Thursday, October 22, 2009
Oume, Part 3 - Fujio Akatsuka Hall
(The text at the top of the sign says "Here is good".)
The real reason for riding out to Oume was that I'd found an article on the net mentioning the Fujio Akatsuka memorial Hall in Oume. Fortunately, I'd been near Oume once before, when I rode out to the Tamagawa Weir, and I knew pretty much where I needed to go. (Actually, not exactly true. I've been here twice. The first time was when I transferred trains to get out to the dam a few miles farther away from Tokyo. At the time, I didn't realize that the painting of Mysterious Akko-chan visible from the train platform was an advertisement for Fujio's memorial hall.)
I've written about Fujio several times. Most recently for an exhibit at a department store in Ginza, as part of his anniversary (he'd died in 2008). I've also written up a translation of 2 of his Tensai Bakabon chapters that I'll put on Nihon-go Hunter after I've finished with Tezuka's "Don Dracula" and "The Three Invaders" (at this rate, probably in December). You can find Fujio's production company page here.
(His cat figures heavily in some of his works. One photo showed the process used to get it to lay out flat like this.)
The Hall is a couple of blocks south west of Oume station, just across the street from the big shrine. It's pretty easy to find, and there are directions from the station. Entry is 400 yen for adults ($4 USD) although you can also get tickets for the shrine and the retro film building next door at the same time for about 800 total. The two women running the ticket counter and gift shop didn't seem to speak English, but they understood my Japanese well enough, and they were very friendly.
The front portion of the first floor is the gift shop, with manga, DVDs, t-shirts, toys and other paraphernalia for sale. There's also a flier rack next to the door with ads for a number of other museums (it held fliers for the Shonen Sunday/Magazine DNA exhibit at the Kawasaki museum which ended in September, so it may need cleaning out periodically).
The other rooms of the house have examples of Fujio's artwork, statues of his more famous characters, copies of the weekly magazines that his work appeared in from the 1960's and 70's, and photos of him and his family. You're allowed to take photos on the first floor but not of the second.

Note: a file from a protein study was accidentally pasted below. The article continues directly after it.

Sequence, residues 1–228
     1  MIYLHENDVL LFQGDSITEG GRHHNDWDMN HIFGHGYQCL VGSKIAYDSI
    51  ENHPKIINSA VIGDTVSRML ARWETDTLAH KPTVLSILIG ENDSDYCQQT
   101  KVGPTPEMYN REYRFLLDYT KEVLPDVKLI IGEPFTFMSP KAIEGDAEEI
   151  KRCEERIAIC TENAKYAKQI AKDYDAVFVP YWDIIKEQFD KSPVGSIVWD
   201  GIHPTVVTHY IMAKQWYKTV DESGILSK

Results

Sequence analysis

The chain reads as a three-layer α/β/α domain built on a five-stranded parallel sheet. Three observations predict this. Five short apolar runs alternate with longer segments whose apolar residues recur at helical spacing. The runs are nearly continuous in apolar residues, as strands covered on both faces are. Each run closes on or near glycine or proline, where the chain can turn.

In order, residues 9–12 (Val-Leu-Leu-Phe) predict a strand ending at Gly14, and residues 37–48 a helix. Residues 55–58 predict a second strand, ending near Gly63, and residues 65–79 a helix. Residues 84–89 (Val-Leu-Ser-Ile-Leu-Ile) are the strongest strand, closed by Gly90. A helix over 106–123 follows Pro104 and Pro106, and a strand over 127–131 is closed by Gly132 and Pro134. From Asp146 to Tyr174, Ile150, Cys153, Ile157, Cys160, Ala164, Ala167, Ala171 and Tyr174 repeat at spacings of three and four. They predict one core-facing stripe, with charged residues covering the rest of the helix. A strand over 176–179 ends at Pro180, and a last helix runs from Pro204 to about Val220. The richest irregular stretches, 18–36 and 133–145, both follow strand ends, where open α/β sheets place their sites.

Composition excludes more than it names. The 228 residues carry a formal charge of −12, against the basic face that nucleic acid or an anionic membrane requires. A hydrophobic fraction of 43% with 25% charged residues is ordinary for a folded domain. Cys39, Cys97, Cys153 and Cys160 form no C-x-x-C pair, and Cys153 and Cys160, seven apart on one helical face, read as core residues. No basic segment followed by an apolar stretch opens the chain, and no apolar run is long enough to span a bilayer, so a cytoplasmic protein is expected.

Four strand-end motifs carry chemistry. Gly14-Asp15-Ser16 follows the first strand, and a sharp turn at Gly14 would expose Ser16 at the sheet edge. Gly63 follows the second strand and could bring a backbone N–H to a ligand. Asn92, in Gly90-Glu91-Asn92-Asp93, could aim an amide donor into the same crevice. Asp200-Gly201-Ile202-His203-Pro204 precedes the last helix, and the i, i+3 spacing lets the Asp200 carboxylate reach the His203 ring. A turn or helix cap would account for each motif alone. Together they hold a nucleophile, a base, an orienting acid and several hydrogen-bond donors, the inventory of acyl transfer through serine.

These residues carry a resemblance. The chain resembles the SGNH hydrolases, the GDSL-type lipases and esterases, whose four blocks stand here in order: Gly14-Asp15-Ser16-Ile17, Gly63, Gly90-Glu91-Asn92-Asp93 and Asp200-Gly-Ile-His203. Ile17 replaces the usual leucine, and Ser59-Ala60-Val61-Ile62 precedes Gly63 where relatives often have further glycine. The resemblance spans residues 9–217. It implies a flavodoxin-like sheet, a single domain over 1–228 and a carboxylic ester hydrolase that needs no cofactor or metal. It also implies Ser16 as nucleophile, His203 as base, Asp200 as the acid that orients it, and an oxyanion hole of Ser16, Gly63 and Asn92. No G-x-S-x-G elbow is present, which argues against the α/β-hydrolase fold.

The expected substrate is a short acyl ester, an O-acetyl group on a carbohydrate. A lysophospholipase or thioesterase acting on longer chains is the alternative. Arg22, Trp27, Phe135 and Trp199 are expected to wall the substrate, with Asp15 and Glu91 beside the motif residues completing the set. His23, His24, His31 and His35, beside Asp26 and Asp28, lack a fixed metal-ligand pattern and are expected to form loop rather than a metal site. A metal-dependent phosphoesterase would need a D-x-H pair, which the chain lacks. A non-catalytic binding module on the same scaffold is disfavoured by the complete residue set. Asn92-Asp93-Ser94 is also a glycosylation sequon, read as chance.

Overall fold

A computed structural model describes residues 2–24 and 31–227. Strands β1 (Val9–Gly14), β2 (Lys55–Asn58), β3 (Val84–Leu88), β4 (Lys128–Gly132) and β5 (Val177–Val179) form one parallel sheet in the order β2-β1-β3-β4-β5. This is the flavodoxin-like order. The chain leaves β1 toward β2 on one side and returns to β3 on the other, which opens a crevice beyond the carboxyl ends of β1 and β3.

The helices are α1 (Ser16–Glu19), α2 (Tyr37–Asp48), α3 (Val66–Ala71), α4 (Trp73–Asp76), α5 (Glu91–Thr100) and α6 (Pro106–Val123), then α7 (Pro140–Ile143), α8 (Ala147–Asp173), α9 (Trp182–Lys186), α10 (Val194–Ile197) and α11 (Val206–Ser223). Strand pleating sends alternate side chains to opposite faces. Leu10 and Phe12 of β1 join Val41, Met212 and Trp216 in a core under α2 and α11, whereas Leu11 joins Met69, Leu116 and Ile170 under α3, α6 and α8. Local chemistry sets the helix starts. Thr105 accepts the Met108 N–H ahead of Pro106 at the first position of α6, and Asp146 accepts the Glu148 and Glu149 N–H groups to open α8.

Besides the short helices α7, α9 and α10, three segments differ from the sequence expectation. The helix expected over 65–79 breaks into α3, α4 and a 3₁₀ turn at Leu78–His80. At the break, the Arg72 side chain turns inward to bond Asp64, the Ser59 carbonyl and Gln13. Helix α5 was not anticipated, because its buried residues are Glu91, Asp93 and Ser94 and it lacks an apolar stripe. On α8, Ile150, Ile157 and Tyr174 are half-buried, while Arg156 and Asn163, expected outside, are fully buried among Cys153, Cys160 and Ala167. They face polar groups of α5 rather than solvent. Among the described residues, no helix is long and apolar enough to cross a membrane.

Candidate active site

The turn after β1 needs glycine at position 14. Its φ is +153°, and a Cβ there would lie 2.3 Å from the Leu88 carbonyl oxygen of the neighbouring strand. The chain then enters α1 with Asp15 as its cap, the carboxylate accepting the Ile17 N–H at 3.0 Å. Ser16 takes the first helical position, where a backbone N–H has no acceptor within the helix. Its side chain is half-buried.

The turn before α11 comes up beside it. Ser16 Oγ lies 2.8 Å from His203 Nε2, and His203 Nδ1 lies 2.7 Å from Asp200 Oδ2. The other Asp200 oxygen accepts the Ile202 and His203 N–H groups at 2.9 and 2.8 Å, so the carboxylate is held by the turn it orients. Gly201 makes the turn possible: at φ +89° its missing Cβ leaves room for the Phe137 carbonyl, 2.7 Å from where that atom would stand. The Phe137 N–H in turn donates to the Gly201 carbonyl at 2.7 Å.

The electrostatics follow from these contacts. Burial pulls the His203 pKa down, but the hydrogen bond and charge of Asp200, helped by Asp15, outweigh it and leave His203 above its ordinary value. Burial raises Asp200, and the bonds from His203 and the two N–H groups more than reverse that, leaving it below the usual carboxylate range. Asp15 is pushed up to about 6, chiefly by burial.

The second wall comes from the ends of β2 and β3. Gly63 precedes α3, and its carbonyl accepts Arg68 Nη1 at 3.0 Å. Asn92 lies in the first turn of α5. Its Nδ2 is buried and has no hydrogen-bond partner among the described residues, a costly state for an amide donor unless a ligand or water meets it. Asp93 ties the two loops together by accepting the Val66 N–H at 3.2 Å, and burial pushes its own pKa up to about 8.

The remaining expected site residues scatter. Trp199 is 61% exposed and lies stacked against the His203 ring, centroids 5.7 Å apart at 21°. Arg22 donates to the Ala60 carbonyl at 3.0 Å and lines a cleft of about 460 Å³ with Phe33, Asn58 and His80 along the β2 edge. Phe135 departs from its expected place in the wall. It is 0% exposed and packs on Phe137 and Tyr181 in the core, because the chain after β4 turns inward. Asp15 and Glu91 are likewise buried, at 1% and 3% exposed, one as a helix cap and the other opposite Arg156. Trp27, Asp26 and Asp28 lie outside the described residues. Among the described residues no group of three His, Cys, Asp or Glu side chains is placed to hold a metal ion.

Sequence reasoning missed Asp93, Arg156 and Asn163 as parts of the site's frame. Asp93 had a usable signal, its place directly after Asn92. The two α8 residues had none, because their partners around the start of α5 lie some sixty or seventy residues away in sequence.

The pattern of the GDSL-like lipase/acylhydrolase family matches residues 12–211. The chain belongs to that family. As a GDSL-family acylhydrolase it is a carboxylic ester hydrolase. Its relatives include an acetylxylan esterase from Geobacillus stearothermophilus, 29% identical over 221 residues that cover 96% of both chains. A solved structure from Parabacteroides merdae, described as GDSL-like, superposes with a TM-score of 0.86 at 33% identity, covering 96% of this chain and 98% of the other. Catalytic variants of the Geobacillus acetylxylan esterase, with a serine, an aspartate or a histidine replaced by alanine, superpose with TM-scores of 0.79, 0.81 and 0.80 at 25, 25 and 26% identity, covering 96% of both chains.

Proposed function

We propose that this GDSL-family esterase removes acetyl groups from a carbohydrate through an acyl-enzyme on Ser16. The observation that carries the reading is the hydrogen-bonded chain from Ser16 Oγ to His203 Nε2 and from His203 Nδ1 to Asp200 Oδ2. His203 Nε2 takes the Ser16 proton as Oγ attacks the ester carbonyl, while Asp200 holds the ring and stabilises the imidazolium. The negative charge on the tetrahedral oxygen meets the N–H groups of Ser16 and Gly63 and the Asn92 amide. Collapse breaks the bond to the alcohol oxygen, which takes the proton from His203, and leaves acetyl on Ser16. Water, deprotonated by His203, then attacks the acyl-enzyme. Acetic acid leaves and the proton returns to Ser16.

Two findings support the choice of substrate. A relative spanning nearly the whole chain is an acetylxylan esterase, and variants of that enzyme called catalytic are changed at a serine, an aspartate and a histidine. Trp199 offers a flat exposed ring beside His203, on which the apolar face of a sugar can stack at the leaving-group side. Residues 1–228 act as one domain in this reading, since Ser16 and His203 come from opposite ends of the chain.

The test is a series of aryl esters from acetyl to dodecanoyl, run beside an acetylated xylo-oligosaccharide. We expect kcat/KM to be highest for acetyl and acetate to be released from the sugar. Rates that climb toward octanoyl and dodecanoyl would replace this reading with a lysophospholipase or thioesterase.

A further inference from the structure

The second floor has a TV set up playing interviews of him and some of his more famous friends (including a few TV comics and musicians), plus computers running his "complete works" DVDs. The room at the far end of the house is set up to resemble his old work studio. There's more artwork and statues in addition to one room that's wall-to-wall shelves of his books.
(One photo shows him getting Muhammad Ali's autograph.)
Overall, I enjoyed myself a lot. Fujio had an amazing sense of humor and he wasn't afraid of trying anything that just popped in his head. And you can tell that by looking through his gallery. However, it is kind of small. Even if you play with the DVDs and read some of the available manga, you'll probably be done in an hour. So, I'd highly recommend making this a day trip - get the tickets for the retro shop next door and for the shrine across the street. Visit all three sites and then spend some time wandering around the area looking at the movie posters lurking there.
(Fujio and Tomori.)
The complete photo album can be found here.
(You stand on the footprints on the floor before the picture and have someone else take your photo. The text says "What a dumb-looking face".)
The below three photos are of different angles of a panel box featuring Bakabon's father, the eel dog, Rerere, and a few of his other characters.